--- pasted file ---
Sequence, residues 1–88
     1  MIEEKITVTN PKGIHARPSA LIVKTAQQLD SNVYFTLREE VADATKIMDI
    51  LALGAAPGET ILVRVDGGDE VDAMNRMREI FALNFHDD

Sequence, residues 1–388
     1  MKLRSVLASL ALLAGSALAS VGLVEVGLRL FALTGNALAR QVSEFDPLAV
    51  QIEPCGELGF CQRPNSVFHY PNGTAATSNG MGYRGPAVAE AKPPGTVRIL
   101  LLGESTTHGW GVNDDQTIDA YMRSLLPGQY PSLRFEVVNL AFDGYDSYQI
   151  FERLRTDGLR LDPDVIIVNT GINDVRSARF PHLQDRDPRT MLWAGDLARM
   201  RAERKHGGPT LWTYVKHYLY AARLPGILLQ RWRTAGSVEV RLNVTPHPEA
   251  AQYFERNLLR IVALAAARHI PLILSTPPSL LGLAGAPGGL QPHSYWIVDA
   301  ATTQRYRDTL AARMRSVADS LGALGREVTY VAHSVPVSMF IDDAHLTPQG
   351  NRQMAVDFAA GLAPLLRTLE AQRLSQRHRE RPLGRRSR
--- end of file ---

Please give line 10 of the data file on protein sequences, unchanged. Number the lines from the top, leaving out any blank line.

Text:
   251  AQYFERNLLR IVALAAARHI PLILSTPPSL LGLAGAPGGL QPHSYWIVDA